- Posted by Peter McHugh
- On May 22, 2019
Have you ever thought about using your skills to make extra money? Have you offered your skills to friends and family to help them with a creative or business project? As a freelancer, you can utilize your skill set to earn extra money, and if you’re really serious, you can turn it into your full-time business. Here, we share how to utilize your skill to create a part-time or full-time income by sharing how we did it.
When We Decided to Do Something Different
We started our company Do Something Different Media in 2008 by freelancing for friends, family, local businesses…whoever would let us make something for them. We knew that building a portfolio would be very important if we wanted to start making real money.
This provided us with a ton of experience working with different people, a variety of industries and projects, and helped us gain the confidence to take things to the next level. Whether you’ve started your freelancing career or you’re looking for the courage or strategy to do so, know that NOW is the best time ever to get started!
Acknowledge the Demand for Your Skillset
Whatever your skill is, there is a huge market for freelance help in today’s business sphere. We’ve found that companies are turning to freelance professionals before they look to hire full-time employees because it provides them with quality work that doesn’t require the expense of on-boarding or the need to provide full-time work and benefits.
In addition, this trend is happening because a lot of managers and team leaders aren’t equipped with the proper knowledge base or skill set to train or even manage a new hire. This knowledge gap plays right into the hands of you, the freelancer.
Strategize a Strong Start
It is extremely important to get started properly! We encourage all of our clients and students to follow these simple steps when launching their freelance businesses. If you’ve already started getting your feet wet with freelance work, take a look at the steps below and make sure you’ve covered your bases before you take things to the next level.
LEGAL ENTITY: Set up a Limited Liability Company to protect yourself and your business. This essentially means that if an unforeseen event should occur (ie: a client is mad at you and wants to sue you for everything you’ve got), your personal assets can’t be claimed in a lawsuit, only the assets your business owns.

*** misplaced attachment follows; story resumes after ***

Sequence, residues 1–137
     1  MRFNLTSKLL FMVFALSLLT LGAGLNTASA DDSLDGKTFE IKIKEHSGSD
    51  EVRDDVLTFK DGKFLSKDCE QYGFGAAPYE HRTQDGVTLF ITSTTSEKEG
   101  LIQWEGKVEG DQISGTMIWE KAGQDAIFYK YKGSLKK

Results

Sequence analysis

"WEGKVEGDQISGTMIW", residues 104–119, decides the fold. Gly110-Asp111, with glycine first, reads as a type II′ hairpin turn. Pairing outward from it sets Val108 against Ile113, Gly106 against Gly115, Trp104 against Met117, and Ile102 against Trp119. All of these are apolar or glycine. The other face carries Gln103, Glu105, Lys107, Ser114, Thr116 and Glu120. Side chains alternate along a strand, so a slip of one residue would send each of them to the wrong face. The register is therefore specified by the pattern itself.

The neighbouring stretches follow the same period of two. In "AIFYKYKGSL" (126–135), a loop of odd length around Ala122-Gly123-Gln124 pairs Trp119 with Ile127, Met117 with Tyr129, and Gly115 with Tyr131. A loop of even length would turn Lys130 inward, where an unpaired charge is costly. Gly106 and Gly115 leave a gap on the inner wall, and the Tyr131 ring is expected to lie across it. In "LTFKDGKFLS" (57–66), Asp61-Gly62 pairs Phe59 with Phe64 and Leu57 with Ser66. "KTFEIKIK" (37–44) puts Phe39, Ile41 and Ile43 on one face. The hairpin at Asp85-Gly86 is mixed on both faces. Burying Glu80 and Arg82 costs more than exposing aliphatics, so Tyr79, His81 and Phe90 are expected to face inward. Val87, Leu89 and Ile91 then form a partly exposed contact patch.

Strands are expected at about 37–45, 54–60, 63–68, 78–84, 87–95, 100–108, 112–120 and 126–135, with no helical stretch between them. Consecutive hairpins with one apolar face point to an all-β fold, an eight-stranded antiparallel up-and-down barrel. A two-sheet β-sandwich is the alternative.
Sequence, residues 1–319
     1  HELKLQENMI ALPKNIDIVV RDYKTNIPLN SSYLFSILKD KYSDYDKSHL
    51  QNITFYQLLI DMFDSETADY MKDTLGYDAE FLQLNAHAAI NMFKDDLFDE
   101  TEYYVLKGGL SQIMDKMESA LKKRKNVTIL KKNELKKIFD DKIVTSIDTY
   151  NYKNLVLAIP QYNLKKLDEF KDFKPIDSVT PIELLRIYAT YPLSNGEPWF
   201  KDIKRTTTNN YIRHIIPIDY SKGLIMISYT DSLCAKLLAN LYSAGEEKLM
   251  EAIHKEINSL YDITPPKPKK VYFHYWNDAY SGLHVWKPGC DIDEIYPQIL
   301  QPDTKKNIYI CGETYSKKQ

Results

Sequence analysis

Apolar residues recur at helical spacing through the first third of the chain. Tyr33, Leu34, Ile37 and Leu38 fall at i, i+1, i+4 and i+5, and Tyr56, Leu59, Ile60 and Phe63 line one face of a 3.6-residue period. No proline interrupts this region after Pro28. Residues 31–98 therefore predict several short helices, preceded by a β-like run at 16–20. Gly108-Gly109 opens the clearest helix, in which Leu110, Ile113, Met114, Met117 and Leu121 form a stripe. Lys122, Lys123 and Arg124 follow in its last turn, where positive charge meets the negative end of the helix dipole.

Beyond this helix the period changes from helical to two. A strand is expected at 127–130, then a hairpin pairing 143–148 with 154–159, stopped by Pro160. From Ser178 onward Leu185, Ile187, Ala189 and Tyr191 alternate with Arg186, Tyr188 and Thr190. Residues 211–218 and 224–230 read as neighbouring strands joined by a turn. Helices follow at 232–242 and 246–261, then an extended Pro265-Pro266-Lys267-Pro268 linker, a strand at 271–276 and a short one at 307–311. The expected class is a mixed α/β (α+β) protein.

We obviously want to keep things positive and assume you will never need this protection, but it’s a simple and fairly inexpensive way to know that you are safe and have nothing to worry about. (Please note, we are not lawyers, nor are we trying to provide legal advice. This information is a super simple breakdown of why we were told to start an LLC business entity and there are plenty of other reasons and other options available…do your homework!)
BANK ACCOUNT: Open a Business Bank Account under your LLC name. This is very helpful for tracking your business expenses and income. When it’s time to pay your taxes this will make your life SO MUCH easier…and also make doing your taxes less expensive to complete. This also means that your clients can write checks to your business name instead of your personal name. If you are looking to make more money as a freelancer, this is a simple way to seem much more legitimate and to lock in some of those larger clients who wouldn’t be interested in working with a “guy/gal” with a specific set of skills.
CONTRACTS: Make sure that you have a proper and legally binding contract that you can send to your clients. It’s worth paying a lawyer for a few hours of expertise to make sure that your contract is legitimate. Your contract is all you have. It didn’t take long for us to realize as freelancers that you can’t trust everyone’s word and sometimes people will try and not pay you for the work you’ve done. There are a million reasons why this might happen, but if you have a strong, clear and legally binding contract in place you have nothing to worry about.
When we first started out, we looked for contracts for our industry on the internet and then drafted out what we wanted to use and what things we thought were missing. Then we took that document to a lawyer and asked him to review the document and add what we needed.